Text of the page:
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Michael Madigan will be
the longest-serving speaker

by Charles N. Wheeler III 

Madigan's comeback was made possible by his party's strong showing among voters in south suburban Cook County.

On March 1, 1815, Napoleon Bonaparte returned from exile on Elba to a hero's welcome and the emperor's mantle. In doing so, the Little Corporal became one of the few figures in history to regain power after a humiliating defeat. 

Closer to home and 181 years later, Illinois House Democratic Leader Michael J. Madigan has achieved a similar feat, reclaiming a House majority after two years of Republican rule. 

Napoleon's triumphal return was abetted by elements in French society who just a short time earlier seemed only too glad to rid themselves of his rule. 

In similar fashion, Madigan's comeback was made possible by his party's strong showing among voters in south suburban Cook County, who two years ago went solidly Republican. This time, however. House Democrats picked up five GOP seats in the south suburbs and added one in northern Illinois to claim a paper-thin 60-58 edge. The winners included: 

* Maggie Crotty of Oak Forest, who bested Rep. Jack O'Connor (R-Palos Heights), a 16-vote winner in 1994, in the 35th District. 

* James Brosnahan, an Evergreen Park attorney, who edged Rep. Maureen Murphy (R-Evergreen Park) in the 36th District.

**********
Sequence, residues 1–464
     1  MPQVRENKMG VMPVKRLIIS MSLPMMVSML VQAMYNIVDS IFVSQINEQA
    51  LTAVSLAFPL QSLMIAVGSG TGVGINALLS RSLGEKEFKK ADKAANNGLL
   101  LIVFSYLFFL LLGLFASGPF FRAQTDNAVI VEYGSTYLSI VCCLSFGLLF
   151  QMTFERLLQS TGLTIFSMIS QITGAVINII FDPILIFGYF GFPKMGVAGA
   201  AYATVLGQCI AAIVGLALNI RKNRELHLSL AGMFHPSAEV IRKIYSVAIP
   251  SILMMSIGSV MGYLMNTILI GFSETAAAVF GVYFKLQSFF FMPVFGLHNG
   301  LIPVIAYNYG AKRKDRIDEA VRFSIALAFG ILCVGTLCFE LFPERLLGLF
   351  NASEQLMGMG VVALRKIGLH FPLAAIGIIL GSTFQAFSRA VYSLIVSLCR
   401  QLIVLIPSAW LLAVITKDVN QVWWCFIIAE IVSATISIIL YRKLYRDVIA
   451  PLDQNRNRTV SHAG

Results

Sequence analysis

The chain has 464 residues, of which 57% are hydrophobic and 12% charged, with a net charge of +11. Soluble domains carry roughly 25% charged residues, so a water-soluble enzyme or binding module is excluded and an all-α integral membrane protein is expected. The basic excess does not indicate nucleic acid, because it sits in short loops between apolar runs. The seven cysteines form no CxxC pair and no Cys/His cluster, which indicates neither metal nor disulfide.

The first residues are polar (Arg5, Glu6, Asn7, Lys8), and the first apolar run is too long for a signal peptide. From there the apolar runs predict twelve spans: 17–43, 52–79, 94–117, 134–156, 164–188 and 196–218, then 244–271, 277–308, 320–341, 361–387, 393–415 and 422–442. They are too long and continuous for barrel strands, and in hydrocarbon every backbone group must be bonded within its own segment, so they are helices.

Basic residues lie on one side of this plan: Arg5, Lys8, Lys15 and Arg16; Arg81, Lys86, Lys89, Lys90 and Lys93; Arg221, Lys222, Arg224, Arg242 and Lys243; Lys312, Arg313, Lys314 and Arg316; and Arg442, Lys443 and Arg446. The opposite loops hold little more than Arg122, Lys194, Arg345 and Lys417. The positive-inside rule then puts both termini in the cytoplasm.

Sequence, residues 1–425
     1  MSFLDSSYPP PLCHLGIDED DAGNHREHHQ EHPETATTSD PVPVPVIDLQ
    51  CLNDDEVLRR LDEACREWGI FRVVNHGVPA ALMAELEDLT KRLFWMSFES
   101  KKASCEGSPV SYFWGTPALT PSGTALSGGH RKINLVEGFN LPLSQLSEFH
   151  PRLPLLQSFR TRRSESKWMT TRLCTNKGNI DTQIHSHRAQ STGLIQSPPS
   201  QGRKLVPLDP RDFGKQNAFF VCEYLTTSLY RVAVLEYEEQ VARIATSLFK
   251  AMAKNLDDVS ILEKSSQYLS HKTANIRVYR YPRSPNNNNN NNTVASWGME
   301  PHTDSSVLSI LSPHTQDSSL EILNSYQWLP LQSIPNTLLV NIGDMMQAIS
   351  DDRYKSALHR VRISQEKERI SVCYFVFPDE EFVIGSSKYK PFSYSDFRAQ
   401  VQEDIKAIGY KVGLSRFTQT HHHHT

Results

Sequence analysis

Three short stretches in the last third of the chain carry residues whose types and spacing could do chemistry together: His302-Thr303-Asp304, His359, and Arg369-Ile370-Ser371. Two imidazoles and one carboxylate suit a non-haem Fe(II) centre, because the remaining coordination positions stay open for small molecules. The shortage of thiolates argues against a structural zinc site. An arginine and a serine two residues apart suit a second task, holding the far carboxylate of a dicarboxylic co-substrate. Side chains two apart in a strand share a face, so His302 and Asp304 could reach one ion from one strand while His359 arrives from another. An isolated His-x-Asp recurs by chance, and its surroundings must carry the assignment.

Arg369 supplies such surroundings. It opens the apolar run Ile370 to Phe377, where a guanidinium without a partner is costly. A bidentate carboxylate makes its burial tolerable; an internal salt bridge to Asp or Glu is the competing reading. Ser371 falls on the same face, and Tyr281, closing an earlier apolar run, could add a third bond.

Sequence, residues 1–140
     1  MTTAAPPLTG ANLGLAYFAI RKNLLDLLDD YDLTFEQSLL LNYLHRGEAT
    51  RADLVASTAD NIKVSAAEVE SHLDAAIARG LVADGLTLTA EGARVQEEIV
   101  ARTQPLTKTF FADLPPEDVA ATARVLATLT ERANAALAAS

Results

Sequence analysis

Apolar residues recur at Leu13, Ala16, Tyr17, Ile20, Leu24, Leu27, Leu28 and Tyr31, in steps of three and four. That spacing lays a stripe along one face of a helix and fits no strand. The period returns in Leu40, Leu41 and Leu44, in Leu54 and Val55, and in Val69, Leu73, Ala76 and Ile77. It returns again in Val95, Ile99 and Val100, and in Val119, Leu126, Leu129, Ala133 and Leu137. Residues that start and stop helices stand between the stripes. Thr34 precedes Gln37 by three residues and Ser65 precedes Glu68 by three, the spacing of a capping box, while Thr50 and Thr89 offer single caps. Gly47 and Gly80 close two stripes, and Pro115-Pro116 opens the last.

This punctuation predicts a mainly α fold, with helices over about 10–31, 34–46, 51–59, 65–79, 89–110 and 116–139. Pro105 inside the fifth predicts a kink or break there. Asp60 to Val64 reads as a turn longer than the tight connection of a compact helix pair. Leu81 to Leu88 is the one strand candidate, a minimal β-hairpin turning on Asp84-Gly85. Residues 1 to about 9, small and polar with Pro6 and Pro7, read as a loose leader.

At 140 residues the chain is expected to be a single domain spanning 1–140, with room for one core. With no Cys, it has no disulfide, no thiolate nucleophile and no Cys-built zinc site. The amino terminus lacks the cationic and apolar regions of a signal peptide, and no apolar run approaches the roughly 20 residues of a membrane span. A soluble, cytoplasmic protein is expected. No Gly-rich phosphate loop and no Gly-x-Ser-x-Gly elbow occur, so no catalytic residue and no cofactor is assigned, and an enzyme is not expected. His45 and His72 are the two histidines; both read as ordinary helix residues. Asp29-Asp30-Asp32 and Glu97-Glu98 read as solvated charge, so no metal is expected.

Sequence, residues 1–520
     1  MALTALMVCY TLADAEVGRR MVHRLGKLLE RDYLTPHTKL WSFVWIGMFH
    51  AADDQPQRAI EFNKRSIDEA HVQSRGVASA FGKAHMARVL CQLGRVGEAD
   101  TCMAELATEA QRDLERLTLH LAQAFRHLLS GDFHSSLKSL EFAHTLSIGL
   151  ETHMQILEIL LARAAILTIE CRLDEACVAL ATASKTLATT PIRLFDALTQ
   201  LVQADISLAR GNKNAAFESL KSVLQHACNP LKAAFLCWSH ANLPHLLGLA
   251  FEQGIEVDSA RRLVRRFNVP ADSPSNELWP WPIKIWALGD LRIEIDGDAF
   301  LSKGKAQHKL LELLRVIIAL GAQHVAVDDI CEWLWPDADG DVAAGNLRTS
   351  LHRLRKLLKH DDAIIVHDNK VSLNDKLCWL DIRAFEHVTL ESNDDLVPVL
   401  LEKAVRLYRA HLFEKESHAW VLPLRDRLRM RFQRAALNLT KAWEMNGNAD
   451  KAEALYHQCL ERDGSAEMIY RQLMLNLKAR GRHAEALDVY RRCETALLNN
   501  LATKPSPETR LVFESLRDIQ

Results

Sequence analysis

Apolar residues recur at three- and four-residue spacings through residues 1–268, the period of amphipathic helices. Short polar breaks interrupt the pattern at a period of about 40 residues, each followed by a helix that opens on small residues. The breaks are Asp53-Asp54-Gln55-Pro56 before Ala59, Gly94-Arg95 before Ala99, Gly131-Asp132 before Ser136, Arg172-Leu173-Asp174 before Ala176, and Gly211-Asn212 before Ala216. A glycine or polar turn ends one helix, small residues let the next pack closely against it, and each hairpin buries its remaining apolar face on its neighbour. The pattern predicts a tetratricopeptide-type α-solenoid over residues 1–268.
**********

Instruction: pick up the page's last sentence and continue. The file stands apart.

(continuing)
* Kevin McCarthy of Orland Park, a former school teacher, who topped Rep. John Doody Jr. (R-Homewood) in the 37th District. 

* Michael Giglio, a Lansing contractor, who beat Republican Marvin Lyzenga, a Lansing village trustee, for the 79th District seat being vacated by retiring Rep. Bill Balthis (R-Lansing). 

* George Scully Jr., a Flossmoor attorney, who ousted Rep. Flora Ciarlo (R-Steger) in the 80th District. 

* Mary Kay O'Brien of Coal City, who knocked off Rep. Stephen Spangler (R-Newark) in the 75th District, which runs west from Will County's southwest corner midway into LaSalle County. 

A strong suburban showing also helped Democrats shave the Republican edge in the Senate by two seats, to 31-28. The victorious Democrats were: 

* Lake County Democratic Chairman Terry Link of Vernon Hills, who upset Rep. Thomas Lachner (R-Lake Bluff) for the 30th District seat left open by the retirement of Sen. David Barkhausen (R-Lake Bluff). 

* Debbie Halvorson of Crete, the Crete township clerk, who defeated Assistant Senate Majority Leader Aldo DeAngelis (R-Olympia Fields), an 18-year veteran, in the 40th District. 

Key to the Democrats' fortune in the south suburbs was the "Punch 10" campaign mounted by party leaders to encourage straight voting. The $1.5 million marketing effort, backed up with old-fashioned precinct work, resulted in record numbers of party- line votes in Cook County. The strategy succeeded for a variety of reasons. Demographic changes have brought more minority Illinoisans into the south suburbs with their Democratic voting preferences. Labor leaders were able to energize rank-and-file union members in blue-collar suburbs by tying local GOP lawmakers to the hugely unpopular U.S. House speaker, Newt Gingrich. Moreover, Democrats had a much easier package to sell to suburban moderates particularly women than the GOP alternative.